# Homework Help: Calculating size from energy

1. Aug 16, 2012

### xiphoid

1. The problem statement, all variables and given/known data
How many times larger is the spacing between the energy levels with n=3 and n=8 spacing between the energy levels with n=8 and n=9 for hydrogen atom?

2. Relevant equations

En=Rh[1/ni2- 1/nf2]

3. The attempt at a solution
From the above stated equation, i managed to calculate the ratio of their energies, however, I can even calculate λ or frequency v, but what about the ratio of their size?

2. Aug 16, 2012

### Simon Bridge

When they say "larger spacing" they are talking about the energy spacing.

3. Aug 16, 2012

### xiphoid

So, I need to calculate the ratio of the energies of the two given?
if yes then, I did this at first but the answer given, i.e. 14.82 times larger was not obtained

4. Aug 16, 2012

### xiphoid

I will try to upload my solution, and perhaps from there, you can help me out

5. Aug 17, 2012

### Simon Bridge

You'd expect the 8-3 spacing to be bigger than the 8-9 spacing wouldn't you?

$$\Delta E_{8,3} = \frac{\frac{1}{9}-\frac{1}{64}}{\frac{1}{64}-\frac{1}{81}}\Delta E_{8,9}\approx 30\Delta E_{8,9}$$... looks like a factor of two got lost someplace.

If the first jump was 4-8 instead of 3-8 then the ratio would be 14.27 ... still too different.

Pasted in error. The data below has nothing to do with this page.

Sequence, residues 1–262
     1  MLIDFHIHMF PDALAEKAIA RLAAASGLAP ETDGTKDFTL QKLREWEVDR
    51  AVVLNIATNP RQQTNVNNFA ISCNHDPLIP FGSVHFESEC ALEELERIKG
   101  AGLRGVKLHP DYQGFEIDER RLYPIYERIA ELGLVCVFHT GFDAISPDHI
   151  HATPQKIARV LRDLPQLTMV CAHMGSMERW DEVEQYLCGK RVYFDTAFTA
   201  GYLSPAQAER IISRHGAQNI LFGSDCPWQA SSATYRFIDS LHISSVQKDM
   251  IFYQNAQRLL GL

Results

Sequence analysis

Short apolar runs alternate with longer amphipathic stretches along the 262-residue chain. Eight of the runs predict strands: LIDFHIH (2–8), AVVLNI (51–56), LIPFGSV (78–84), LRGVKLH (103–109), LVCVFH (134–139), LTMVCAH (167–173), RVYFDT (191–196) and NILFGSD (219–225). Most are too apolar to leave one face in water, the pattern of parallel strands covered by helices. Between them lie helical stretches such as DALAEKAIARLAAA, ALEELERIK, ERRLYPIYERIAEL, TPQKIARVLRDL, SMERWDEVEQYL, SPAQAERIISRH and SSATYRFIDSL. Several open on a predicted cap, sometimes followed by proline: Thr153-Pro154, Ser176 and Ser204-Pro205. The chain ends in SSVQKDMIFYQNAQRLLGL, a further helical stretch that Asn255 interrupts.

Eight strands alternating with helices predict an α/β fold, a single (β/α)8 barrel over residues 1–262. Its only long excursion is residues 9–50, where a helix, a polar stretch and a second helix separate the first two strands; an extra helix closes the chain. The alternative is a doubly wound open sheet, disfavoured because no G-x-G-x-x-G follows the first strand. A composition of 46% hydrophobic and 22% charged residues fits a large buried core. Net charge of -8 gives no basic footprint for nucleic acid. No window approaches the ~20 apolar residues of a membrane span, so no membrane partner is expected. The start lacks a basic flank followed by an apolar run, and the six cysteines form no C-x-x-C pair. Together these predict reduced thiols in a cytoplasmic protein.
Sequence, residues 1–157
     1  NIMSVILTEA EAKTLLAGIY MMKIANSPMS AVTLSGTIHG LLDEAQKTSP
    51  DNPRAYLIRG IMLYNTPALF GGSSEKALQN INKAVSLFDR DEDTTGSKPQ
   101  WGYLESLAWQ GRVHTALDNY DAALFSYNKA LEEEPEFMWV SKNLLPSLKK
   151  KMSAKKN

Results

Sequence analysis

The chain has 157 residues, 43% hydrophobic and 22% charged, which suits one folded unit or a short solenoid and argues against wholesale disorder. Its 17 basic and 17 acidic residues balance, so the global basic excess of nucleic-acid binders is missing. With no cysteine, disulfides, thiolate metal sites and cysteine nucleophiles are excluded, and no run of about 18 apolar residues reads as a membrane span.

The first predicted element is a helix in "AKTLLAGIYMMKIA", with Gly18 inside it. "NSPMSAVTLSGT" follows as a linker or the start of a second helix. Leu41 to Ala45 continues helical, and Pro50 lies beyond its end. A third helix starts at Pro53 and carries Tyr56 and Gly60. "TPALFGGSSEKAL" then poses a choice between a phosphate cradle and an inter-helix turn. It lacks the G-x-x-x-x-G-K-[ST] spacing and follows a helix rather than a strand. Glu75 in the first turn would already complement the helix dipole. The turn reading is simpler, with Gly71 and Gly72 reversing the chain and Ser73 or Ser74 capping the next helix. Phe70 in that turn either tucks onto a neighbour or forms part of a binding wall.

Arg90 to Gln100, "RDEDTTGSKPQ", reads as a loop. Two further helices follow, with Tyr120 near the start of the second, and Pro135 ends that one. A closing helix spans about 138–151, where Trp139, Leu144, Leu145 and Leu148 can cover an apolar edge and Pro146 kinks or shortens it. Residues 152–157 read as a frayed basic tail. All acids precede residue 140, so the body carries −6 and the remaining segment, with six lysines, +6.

The only other option for "size" would be differences in Bohr orbit radii.
Which would be dumb. So I'd say that either the model answer is in error or there is some aspect of the question not communicated someplace.

6. Aug 17, 2012

### AGNuke

In Bohr Atomic Model, orbits are also known as energy levels, if I recall correct. Still, their ratio is absurd for answer.

Last edited: Aug 17, 2012
7. Aug 20, 2012

### Simon Bridge

AGNuke: not quite correct. The Bohr energy levels can be related to orbit radii in the planetary model. They are not different names for the same thing and you'll find physicists can get quite shirty about it.

OP will need to look at the context to see which is meant.
Or just do the math:-)

The orbit concept makes little sense here... but that may be the point of the exercise.